Cd
.
<0.1
Hi
Zn
'
CU
0.4
:
<
0
” 1
■ 3.6
'
-
8.2
13
chain through plant accumulation, and Zn, Cu, and Ni are directly toxic
to plants (Chaney, 1973).
Page (1974) lists the ranges, means, and medians of Gd, Zn, Cu
and Ni in some Michigan sewage sludges (Table 4), and. typical concen­
trations found in soils and plants (Table 5).
The wide variation of sludge metal contents as indicated by
Page suggest that the application of different Sludges will result in
variable crop uptake of trace metals.
Other factors also affect metal
uptake and toxicity.
The toxicity of a given nutrient is related to soil pH.
According to Chaney (1973), Cd and Zn are easily translocated to plant
tops in acid soils, but Cu and Hi are translocated in appreciable
quantities only when severe injury to the plant has occurred.
Page
(1974) presented data indicating that Ni uptake by plants is much
greater in acid soils than in calcareous soils, whereas Cu uptake
seemed unaffected by soil pH.
Other data presented by Page (1974) in­
dicated that concentrations of Zn and Cu in plant tops can be reduced
by increasing soil pH.
Work by Bezdicek et al. (1979), showed that
increasing soil pH via'liming decreased Zn uptake by rye and corn
silage, but Cd uptake was not greatly affected.
Cadmium can accumulate in the edible portions of crops to con­
centrations which are toxic to humans and other animals without causing
crop yield reduction (Galloway and Jacobs, 1977). . Lagerwerff (1972)
reported that the U.S. Food and Drug Administration in 1971 was con­
sidering setting the maximum allowable Cd concentration in food and
14
Table 4.
Element
Comparison of range, mean and medium of trace element con­
centrations of sewage sludges from Michigan.
Range
Mean
Median
Mg/g
Cd
2-1100
74
12
Zn
72-16,400
3315
2200
Cu
84-10,400
1024
700
Ni
12-2800
'
371
52
- 15
Table 5.
Element
Total concentrations of trace elements typically found in
soils and plants.
Cone, in Soils (pg/g)
Common
Range
0.01-7
Cd
0.06
Ni
40
10-1000
Zn
50
10-300
Cu
20
2-100
Cone. in Plants (pg/g)
Normal
Toxic
0.2—0.8
—
1
>50
15-200
4-15
>200
>20
16
milk at 0.135 ug Cd/g fresh weight.
Page (1974) listed the normal range
of plant Cd content from 0.2 to 0.8 ug Cd/g.
Chaney (1973) cited data
showing the Cd content of c o m and soybeans grown on normal soil varying
from 0.6 to 3.3 Ug/g in the leaves and from 0.07 to 0.37 ug/g in the
grain.
Melsted (1973) suggested the tolerance level for Cd in agronomic
crops to be 3 ug/g in certain plant parts to be used for monitoring
purposes, such as specific c o m and soybean leaves.
From these values
it c m be seen that what may be considered normal plant composition in
one situation can be thought of as possibly toxic in the food chain in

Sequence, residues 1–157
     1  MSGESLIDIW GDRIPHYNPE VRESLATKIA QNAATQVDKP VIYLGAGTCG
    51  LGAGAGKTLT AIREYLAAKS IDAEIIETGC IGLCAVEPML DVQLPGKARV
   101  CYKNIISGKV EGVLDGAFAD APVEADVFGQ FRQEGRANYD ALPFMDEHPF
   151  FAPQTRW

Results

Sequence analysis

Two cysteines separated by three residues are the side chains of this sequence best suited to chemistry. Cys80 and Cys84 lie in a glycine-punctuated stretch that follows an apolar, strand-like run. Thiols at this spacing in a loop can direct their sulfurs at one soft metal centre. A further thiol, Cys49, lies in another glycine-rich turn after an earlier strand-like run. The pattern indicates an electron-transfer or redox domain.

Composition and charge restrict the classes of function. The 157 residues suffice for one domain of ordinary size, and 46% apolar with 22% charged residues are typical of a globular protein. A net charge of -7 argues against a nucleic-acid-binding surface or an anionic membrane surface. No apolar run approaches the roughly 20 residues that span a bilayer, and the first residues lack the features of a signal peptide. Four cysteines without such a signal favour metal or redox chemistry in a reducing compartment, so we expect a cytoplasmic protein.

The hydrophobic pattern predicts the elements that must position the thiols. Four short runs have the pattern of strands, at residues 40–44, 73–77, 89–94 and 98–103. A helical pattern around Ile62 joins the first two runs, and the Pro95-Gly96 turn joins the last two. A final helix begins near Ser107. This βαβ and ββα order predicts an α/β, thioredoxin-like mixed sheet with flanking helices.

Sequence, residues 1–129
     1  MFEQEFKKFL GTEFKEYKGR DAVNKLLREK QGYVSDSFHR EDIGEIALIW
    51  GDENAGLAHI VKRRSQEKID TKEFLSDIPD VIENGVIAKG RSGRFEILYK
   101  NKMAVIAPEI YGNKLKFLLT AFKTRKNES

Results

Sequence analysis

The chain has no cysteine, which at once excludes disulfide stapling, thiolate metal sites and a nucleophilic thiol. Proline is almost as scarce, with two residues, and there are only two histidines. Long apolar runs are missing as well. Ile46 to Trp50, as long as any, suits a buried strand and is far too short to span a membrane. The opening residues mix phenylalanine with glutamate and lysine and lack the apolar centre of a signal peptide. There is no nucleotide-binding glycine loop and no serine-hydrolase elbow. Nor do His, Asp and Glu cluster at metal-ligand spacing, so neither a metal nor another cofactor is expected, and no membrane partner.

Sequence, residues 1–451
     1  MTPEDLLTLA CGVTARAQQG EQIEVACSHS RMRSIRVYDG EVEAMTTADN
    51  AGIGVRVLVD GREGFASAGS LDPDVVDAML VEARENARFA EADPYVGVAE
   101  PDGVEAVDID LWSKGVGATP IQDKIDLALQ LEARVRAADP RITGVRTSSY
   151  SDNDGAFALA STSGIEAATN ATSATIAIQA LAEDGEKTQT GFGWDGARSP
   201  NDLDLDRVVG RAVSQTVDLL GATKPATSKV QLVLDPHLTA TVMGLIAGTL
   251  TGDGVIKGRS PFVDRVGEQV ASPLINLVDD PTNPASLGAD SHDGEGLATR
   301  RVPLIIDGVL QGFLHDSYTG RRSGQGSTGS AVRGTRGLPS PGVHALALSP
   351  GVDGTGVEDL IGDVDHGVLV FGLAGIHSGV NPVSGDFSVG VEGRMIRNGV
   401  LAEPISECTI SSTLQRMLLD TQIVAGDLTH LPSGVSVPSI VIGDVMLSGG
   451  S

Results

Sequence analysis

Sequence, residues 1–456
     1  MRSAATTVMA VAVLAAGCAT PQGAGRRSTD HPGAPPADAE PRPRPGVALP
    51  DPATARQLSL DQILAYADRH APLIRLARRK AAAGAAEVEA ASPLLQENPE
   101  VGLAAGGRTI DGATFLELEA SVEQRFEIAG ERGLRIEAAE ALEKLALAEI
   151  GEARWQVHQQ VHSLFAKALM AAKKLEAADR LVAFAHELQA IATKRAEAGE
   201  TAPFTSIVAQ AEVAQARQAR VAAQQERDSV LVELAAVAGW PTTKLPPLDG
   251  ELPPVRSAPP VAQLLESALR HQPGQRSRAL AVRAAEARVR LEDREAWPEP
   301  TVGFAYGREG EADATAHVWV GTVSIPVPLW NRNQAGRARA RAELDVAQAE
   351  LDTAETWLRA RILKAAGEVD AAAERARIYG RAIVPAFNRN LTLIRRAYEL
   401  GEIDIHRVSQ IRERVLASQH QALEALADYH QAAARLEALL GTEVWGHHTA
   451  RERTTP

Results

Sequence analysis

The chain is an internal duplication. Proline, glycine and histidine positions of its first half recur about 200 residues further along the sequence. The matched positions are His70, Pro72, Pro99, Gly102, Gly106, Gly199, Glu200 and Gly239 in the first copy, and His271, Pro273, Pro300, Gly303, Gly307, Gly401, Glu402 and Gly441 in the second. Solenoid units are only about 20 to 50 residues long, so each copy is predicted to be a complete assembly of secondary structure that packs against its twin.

another situation, since at the present time standards have not been
satisfactorily established.
Cadmium uptake by a given crop is not only related to the
amount applied to the soil via a given sludge, but is also influenced
by the presence of other metals as well as plant nutrients.
There is
evidence that Zn can exclude Cd in plant uptake and in the food chain
(Chaney, 1973).
As a result, one guideline suggested to prevent the
crop Cd content from becoming a hazard in the food chain was to limit
sludge application according to its Cd:Zn ratio,
Galloway and Jacobs
(1977) stated that a sludge Cd:Zn ratio of 0.01 or less was suggested
as a guideline for safe use on agricultural land.
Chaney (1973) sug­
gested that Cd:Zn ratio should be less than 0.005 and as close as
possible to 0.001 so that Zn would injure the crop before the crop Cd
content would become a hazard in the food chain.
It has been shown,
however, that many plants growing on nearly neutral to calcareous soils
can tolerate high Zn levels and still show an increase in their Cd
.
concentration.
■
. 17
Ham and Dowdy (1978) found that 200 mt/ha. of sludge,
with a GdsZn ratio of slightly less than 0.005, significantly increased
the Cd concentration of soybean leaves at maturity from 0.35 yg/g on
the control plots to 1.08 ug/g on the sludge amended plots.
Bezdicek
et al. (1979) found that a sludge application of 89.7 mg/ha increased
the Cd content of c o m leaves from 1.0 to 8,6 yg/g.
The seriousness of the problem of Cd is decreased by the fact
that Cd increases in the grain have generally been much lower than
those in the vegetative tissues of crops receiving high sludge Cd ap­
plications .
Kelling et al. (1977) found that a sludge application of
60 mt/ha significantly increased the Cd content of c o m stover from
0.08 to 0,27 yg/g but the grain Cd content did not change significantly.
Bezdicek et al. (1979) found that a 44.8 mt/ha sludge application rate
resulted in a c o m k e m e l Cd content of 0.5 yg/g, while the leaf Cd
content was 6.2 yg/g.
Application of 89.7 mt/ha of sludge increased
the leaf Cd content to 8.6 yg/g, but the kernel Cd concentration remmained at 0.5 yg/g.
The leaf and kernel Cd contents of the c o m grown
on the control plots was 1.1 and 0.2 yg/g, respectively.
Ham and
Dowdy (1978) reported that 200 mt/ha of sludge increased the Cd con­